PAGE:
GeekPlanetOnline’s Editor-in-chief, Matt Dillon, is a man of many passions - although most of them involve a joystick. In this semi-regular column, he shares his thoughts on life, love and the pursuit of video games (and occasionally other things).
To be a video game collector is, to a certain extent, to willingly embrace a world of pain. This is because of one simple, undeniable fact: even today, games consoles and their software are not designed to last. The fact that they do – the fact that you can not only buy old, working hardware and games from the home market but find outlets which service and sell arcade boards, accessories and full-sized coin-operated cabinets – is because ordinary people appreciated their value decades ago and preserved that hardware for future use. The companies that manufactured that hardware and software, on the other hand, expected it to be rotting in a landfill only a few years after they put it on sale. Because of this, collectors and hobbyists like me end up rather like Kaylee Frye; we clean, we repair, we bodge, and we do so because that console might be an obsolete rustbucket but damn it, it’s our obsolete rustbucket and we’ll keep that sucker running if it kills us.
And yes, this can be frustrating. It can be costly, irritating and fiddly. Games cartridges with battery backup, for example – and this encompasses any cartridge which lets you save your progress, from the original Legend of Zelda on the NES all of the way up to the likes of Pokémon Emerald on the Gameboy Advance – are aptly named. The saved files are stores in an area of volatile memory of the cartridge’s circuit board and literally require a battery to keep the memory powered and the files intact: if that battery dies, with it dies all 151 of the Pokémon that you caught. Yes, even Mew. So I think we can all agree that the smart thing to do upon the acquisition of a new cart for your collection would be to change that sucker, yes? Except that battery backup batteries don’t clip into a nice, neat little compartment like they do on computer motherboards; they are soldered directly on to the circuit board. If you want to be able to start a new game of A Link to the Past without fear you need to learn how to learn how to wield an iron like a boss, my friend. There’s your pain, right there.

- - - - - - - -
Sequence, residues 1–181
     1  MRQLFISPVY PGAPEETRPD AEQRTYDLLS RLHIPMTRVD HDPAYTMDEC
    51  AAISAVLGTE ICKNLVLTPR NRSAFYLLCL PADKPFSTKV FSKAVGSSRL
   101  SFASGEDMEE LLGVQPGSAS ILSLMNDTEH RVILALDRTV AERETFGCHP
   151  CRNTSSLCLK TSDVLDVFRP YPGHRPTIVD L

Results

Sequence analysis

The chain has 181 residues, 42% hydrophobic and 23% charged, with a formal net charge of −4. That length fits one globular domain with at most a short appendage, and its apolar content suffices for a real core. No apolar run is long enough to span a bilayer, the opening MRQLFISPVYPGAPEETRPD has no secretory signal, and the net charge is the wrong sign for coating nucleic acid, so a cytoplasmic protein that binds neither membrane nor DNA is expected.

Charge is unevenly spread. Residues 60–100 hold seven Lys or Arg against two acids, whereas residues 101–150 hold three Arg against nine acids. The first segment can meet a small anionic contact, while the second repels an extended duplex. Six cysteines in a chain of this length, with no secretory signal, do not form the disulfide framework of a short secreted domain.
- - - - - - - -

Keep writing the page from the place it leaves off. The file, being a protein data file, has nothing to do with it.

I mention this because of a couple of conversations that I’ve had with fellow gamers recently. Both expressed reservations over the current generation of consoles and the modern trend towards digital delivery platforms for content; “What happens,” they asked, “when the DRM servers get shut down? You won’t be able to authenticate your games any more. And for that matter, what happens if your hard drive fails and you lose your DRM? You won’t be able to download it anymore!” Both of them have a point. Both of them also favour delving into retro gaming as a stopgap until the industry… I don’t know, to be honest. Recovers? Comes to its senses? Regresses and starts reissuing games on cartridge? None of those things are very likely to happen. And in the meantime there’s a world of entertainment out there that they’re locking themselves away from because in ten years or so (taking the history of the PlayStation as a yardstick) they might not be able to play them anymore.
But here’s my take on this situation: gamers always find a way. People more inventive, more clever and more passionate about their hobby than I could ever be do amazing things to ensure that old hardware can still be used. Right now, on eBay and various online outlets, you can buy brand new memory cards for the PlayStation, N64 and Gamecube. They’re unofficial, they’re third party, but they’re sturdy and they work. There are stores which will sell you a replacement contact assembly for your creaking NES. There are websites which will teach you how to remove the Megadrive’s region lock lugs, bypass your SNES’ lockout chip and clean your hardware. You can buy reproduction joypads for when you can’t find originals, and plug-through cartridges which let you dump the cartridge ROM (including those precious save games!) to a SD card. Gamers figure out how to keep their collection running and they share that knowledge. So why would the current generation of consoles be any different?
Yes, there will be a gap. There will be a period of months, maybe years after Microsoft shut down the Xbox One’s access to the Live servers and Sony cease support of the PlayStation 4 where keeping those old titles running may be tricky. But the community will find a way to mod that hardware, patch that software, and let you pick up your controller again, because it always does. Kaylee never gave up on Serenity and nor should we.